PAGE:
Some days are meant for waiting. There seems to be very little other point to them. But if you’re lucky, somewhere in the endless minutes stretching formlessly into each other, you stumble across something that truly startles you.
Today was one of those hurry-up-and-wait days. I got up at 3:30 to hurry to the Knoxville airport in order to meet my destiny in China. If everything had gone as planned, I would have been a couple of hours over the vast reaches of the Pacific by now–maybe not all the way to Hawaii, but getting there. Instead I am in a tiny hotel room in Chicago, having wined and dined myself–okay, it was onion soup and salad–on the largesse of a penitent–okay, it’s not so penitent–United Airlines.
United has had a tough few weeks. If you remember, it was only a few weeks ago that the video surfaced of United employees dragging a passenger who did not want to yield his seat to a quartet of other United colleagues. Then something else came up, I forget what, and today, well, TODAY, United managed to crowd dozens of people into an airplane that had an engine that refused to start. Now those airplanes have two engines, and I am assured by my pilot friend that you can fly perfectly well on one, but what you can’t apparently do is cool the passenger section with the energetic product of one engine. So as we waited to take off, some people noticed it getting hotter and hotter inside. Several hopeful announcements later (“Ladies and gentlemen, we are having some minor technical difficulties but they’ll be resolved soon”), we were told we must disembark. to waiting area C-15. So we did, not complaining. Perfectly cheerful, in fact. We went tamely to another waiting area, C-9.
Sixty-five minutes later, we all began getting notices on our cellphones. A middle-aged man was the first to speak: “They’re getting us another plane.” A corporate sigh of relief. Departure would take place in another 40 minutes, from waiting area C-15 again.
An hour later, the rumor was flying: “They don’t have a pilot.” Departure was pushed back another 30 minutes. Then it appeared it was the plane at area C-9 that didn’t have a pilot, except it did, or it didn’t. Several confused passengers headed down that way.
Twenty-five minutes later, we could all see a flummoxed-looking crew in orange jumpsuits outside the plane. The pilot’s window was open, as if he had decided to slide down the body of the plane and go get a beer. United told us, “We’re still working on the air-conditioning.” So there had never been a new plane. This was the same plane whose engine had not worked in the morning. Somehow that realization was not reassuring. I wasn’t so sure I wanted the plane to ever revive.
By this time, my feet were sore from standing in an absolutely pointless queue, but that didn’t stop me and probably 50 other people from standing in it. We made small talk. I chatted with my neighbors, a keen-eyed retired United pilot and his dim but pleasant wife. I texted my boss, Is this what Hell is supposed to be?” He did not respond. Perhaps that’s not the kind of question bosses really are itching to respond to.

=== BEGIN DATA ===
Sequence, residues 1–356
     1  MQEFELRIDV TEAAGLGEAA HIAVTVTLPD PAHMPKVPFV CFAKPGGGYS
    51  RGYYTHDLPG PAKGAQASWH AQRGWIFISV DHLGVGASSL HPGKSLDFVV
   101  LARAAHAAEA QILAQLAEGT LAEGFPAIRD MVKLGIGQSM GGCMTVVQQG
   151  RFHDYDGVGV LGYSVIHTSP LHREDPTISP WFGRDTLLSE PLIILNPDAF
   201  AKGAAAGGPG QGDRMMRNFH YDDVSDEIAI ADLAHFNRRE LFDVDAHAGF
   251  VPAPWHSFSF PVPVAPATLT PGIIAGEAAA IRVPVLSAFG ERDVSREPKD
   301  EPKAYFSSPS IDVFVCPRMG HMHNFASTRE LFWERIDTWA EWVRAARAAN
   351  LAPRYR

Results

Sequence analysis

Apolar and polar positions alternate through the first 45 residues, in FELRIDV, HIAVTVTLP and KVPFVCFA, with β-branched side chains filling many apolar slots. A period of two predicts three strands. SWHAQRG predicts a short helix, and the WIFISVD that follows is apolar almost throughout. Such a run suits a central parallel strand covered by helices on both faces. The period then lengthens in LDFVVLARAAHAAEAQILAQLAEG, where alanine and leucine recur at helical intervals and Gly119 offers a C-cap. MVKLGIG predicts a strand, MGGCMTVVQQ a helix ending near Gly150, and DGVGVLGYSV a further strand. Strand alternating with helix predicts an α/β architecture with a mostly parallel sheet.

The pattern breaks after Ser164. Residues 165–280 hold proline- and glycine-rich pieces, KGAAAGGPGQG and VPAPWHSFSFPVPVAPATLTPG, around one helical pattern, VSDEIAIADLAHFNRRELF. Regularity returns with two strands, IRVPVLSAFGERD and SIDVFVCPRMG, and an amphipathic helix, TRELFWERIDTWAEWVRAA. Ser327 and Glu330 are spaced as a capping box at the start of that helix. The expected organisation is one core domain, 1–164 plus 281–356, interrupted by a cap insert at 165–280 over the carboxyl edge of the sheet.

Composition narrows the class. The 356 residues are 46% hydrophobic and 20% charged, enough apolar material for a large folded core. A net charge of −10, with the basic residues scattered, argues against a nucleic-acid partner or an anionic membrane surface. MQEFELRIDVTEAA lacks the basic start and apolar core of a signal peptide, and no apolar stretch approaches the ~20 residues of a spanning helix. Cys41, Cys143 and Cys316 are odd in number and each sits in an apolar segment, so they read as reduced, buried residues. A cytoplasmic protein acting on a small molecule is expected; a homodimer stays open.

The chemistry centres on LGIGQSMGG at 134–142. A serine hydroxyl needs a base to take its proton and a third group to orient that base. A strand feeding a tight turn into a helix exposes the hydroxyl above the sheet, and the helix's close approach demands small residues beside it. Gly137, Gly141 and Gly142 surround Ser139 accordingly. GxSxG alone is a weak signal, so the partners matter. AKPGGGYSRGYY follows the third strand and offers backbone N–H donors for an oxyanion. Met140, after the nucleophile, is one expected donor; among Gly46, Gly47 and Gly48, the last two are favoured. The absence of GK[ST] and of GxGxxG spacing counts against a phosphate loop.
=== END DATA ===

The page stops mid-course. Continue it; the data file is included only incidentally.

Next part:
In the end, my own pilot friend, who cultivates his mystique as a man of action, located a flight for me that would leave next morning and advised me on how to wring the very last possible concessions from United for their crimes. I came out of it with this hotel room and $20 in meal vouchers.
As it turns out, this hotel has two restaurants. One, I can tell you, is overpriced. I don’t know about the other. However, I chose the one that wasn’t a sports bar and soon was spooning up a bowl of French onion soup and wrangling a salad. I still ended up owing $6 that wasn’t covered by the meal vouchers. But the soup and salad were palatable enough, though salty.
I was hungry and not observant, so it took me a minute to scope out my surroundings. It was all redly lit, with a vast floral carpet. A maitre-d’ with an unplaceable accent had guided me to a cocktail table, which he assured would be made ready for dinner in an instant, “like magic,” he winked. And true enough, a couple of young men brought over a curious table-top that had an imprint on the underside the exact size of the cocktail table, which they fitted over it and then draped with white linen. I was being served by a blonde Eastern European girl in a red-and-gold brocaded bathing suit; her set of admirable breasts bounced inside her bustier, and a fascinating little fringed apron was flirting with the top of her thighs. The faux gaslight globes, the massive (at least 15 feet across) crystal chandelier, and the 8-foot high paintings of Renaissance nudes lent the whole an air of Turkish Delight. The piano player was turning his four and a half years of instruction to good use, as his thin soprano quavered through the ’80s era pop songs he was torturing affectionately.
And then I really knew I was not in Knoxville anymore. Not in Shanghai, but definitely not in Knoxville.